Sweetwater, Tenn. When a 13-year-old boy discovered what is now the world's second-largest underground lake, he had to crawl through a muddy hole deep inside a cave and throw balls of dirt into the dark to discern how big the room of water was.
All he heard was the plop of mud into the water.
That was 100 years ago. The 4 1/2-acre pool of water he found about 300 feet below the cave entrance is now known as the Lost Sea, a curiosity that averages 150,000 visitors a year.
Ben Sands, the boy discoverer, returned about 60 years afterward and rode in a glass-bottom boat across it like tourists can today.
The Lost Sea has mostly been unchanged since 1965 when a group of private owners opened it as a tourist attraction. Before that it served all sorts of purposes - refrigerator, moonshine operation, meeting room, tavern, mushroom farm and saltpeter mine.
The attraction, located off Interstate 75 about 40 miles south of Knoxville, is what's known as a show cave, meaning it's open to the public for admission and generally has lighting and handrails. One of the most famous is Carlsbad Caverns in New Mexico, and the biggest is Mammoth Cave National Park in Kentucky.
The Lost Sea is just one of at least 20 show caves in the southern Appalachians from Alabama to West Virginia.
"All caves are uniquely individual just as we all have unique fingerprints and facial features. They all have their own personalities and geologic stories," said Gary Berdeaux, a regional director of the National Caves Association based in Park City, Ky.
Lots to see
The Lost Sea had to drop its claim as the world's biggest underground lake when a larger one was found in Africa.
There is more to the Lost Sea than the public can see. Divers have mapped at least 9 more acres in underwater chambers leading away from the lake, but no one has found the end even with sonar. There are no current plans to continue researching.
Seeing the lake is just part of a trip to the Lost Sea. A tour meandering through the cave and eventually reaching the lake for a boat ride lasts a little over one hour.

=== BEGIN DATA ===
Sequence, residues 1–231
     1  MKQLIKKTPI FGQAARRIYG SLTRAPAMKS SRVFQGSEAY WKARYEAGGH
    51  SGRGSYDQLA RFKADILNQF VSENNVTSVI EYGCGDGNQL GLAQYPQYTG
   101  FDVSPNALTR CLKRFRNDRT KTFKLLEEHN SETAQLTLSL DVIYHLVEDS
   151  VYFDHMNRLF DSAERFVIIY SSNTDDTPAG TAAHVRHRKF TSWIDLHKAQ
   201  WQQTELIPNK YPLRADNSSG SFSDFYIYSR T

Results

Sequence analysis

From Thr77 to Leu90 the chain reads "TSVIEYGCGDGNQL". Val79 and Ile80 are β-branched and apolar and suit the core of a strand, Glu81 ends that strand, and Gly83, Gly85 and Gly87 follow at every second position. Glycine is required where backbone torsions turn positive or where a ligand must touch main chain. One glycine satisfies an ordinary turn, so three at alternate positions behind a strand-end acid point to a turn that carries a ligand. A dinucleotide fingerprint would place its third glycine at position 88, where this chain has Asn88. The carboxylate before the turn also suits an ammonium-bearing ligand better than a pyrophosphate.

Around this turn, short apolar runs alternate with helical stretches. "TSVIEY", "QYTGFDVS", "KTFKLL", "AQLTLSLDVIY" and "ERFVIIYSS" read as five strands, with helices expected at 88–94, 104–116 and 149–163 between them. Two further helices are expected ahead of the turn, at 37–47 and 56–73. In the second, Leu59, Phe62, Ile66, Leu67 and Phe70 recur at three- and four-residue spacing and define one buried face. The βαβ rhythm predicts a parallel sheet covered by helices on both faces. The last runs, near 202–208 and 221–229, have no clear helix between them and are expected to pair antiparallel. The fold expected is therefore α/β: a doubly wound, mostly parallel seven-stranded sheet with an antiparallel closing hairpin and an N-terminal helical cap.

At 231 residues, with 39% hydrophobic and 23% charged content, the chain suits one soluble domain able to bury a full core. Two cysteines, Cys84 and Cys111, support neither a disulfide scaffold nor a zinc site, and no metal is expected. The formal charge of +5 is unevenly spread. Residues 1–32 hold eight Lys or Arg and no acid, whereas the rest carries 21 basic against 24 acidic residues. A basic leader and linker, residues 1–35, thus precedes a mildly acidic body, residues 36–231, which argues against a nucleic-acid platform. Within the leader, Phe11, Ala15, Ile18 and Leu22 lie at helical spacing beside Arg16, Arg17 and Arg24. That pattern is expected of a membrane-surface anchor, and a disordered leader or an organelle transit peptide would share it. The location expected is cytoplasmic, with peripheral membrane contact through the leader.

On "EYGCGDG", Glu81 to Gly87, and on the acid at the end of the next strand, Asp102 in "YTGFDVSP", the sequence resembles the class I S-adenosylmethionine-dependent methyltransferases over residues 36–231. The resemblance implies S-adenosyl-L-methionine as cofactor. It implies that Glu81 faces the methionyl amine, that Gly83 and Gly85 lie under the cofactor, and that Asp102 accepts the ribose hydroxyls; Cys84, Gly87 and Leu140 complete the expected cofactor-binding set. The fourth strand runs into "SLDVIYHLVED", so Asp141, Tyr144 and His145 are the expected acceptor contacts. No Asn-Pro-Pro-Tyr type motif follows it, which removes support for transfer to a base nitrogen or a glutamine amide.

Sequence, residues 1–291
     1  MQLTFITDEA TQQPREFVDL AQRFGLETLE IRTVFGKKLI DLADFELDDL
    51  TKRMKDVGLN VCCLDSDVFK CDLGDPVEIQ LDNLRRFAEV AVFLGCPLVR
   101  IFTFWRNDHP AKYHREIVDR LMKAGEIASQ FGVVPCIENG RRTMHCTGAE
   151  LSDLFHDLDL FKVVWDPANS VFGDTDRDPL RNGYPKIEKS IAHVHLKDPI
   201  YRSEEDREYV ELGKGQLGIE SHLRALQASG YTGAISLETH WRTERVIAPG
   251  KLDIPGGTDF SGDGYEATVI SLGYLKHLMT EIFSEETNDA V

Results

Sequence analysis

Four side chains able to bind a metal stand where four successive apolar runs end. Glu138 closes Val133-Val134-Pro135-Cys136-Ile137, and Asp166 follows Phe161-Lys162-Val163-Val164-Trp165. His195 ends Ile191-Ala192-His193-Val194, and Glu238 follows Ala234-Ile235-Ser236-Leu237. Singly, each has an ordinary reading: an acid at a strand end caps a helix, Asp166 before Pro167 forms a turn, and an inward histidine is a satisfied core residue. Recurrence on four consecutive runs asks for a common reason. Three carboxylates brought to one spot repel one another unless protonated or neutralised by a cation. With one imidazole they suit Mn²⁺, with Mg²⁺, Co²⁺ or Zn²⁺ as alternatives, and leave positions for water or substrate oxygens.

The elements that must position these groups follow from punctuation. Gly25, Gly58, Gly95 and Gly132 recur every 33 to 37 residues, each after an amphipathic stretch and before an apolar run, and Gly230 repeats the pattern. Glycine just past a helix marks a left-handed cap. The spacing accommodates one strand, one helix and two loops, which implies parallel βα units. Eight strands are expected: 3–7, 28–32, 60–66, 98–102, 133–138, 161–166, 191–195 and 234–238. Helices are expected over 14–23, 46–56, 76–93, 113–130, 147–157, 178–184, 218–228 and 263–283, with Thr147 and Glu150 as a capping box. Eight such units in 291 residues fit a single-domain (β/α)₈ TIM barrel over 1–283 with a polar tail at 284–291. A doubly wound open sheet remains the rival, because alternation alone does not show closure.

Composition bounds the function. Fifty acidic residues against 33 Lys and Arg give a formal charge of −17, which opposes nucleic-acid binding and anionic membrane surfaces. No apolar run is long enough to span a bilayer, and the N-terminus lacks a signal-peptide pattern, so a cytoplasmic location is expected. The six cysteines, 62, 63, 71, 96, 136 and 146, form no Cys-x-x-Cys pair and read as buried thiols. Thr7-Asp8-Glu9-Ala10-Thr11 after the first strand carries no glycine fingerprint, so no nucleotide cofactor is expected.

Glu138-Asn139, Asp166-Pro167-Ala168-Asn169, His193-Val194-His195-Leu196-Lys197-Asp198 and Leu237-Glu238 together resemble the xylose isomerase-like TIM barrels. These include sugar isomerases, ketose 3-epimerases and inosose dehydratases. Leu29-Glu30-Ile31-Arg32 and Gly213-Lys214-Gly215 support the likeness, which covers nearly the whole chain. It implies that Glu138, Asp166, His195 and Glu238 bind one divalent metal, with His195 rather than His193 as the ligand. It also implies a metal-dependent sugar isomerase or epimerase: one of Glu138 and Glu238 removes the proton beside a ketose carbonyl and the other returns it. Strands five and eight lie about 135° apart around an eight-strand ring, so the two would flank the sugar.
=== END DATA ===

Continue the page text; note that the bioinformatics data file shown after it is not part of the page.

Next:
If you go
LOST SEA: 140 Lost Sea Road, Sweetwater, Tenn.; www.thelostsea.com or (423) 337-6616. Located off Interstate 75 between Chattanooga and Knoxville. Take Exit 60 on State Highway 68 and follow the signs for six miles east. Open 9 a.m. to dusk daily; closed Christmas. Adults: $12.95; children ages 6-12, $5.95; children under 6, free.
Visitors walk through the lighted cave on a slightly sloping path while a guide discusses the cave's hodgepodge of history and throws in a few jokes and made-up stories to keep visitors on their toes.
It has scientific significance as a U.S. Registered Natural Landmark and contains rare spiky crystal formations called anthodites, also known as cave flowers.
The American Museum of Natural History in New York displays some 20,000-year-old bones and plaster molds of tracks left by an ancient jaguar that were discovered in the cave in 1939.
The attraction is part of a system of caves called Craighead Caverns, named for an American Indian chief who lived in the early 1800s.
A cave owner had lighting installed in the 1920s and gave what one guide described as nickel tours. They didn't last long during the Depression because "no one wanted to pay to see dirt and lights," guide Joseph Crofts said as visitors laughed during a recent tour.
Now there are lights cleverly placed to accentuate the formations.
Unlike Sands' first look at the lake in the dark in 1905, there are underwater lights along the edges of the water, casting an eerie glow onto the rock walls and around the rainbow trout in the water. The lake's depth ranges from 30 feet to 75 feet.
The fish were brought in and tagged years ago with the hopes they would help determine how far the water goes. It didn't work, and now the fish are just another part of the attraction.
Several people have owned the cave through the years, and most of the early history had nothing to do with the lake. For instance, one owner built a dance floor in a chamber and created the Cavern Tavern in 1947. But once inside the cool air of the cave - it remains a constant 58 degrees - people couldn't tell they were getting drunk until they started to climb out of the cave and ended up stumbling or passing out.
There are few hazards remaining in the cave now with bright yellow metal around the tunnel entrance and only a few rocks hanging low over the path.
All of the bats are gone, but they were plentiful during the Civil War when soldiers collected bat guano to get potassium nitrate, or saltpeter, to make gunpowder.
"So basically the Civil War was fought with bat poop," the guide deadpanned.
During one part of the tour, visitors experience total darkness when the guide turns off the lights.
With everyone standing in pitch black, where you can't see the person standing next to you, the guide announces, "We'll be leaving the same way we came in," he said, his voice trailing off down the path.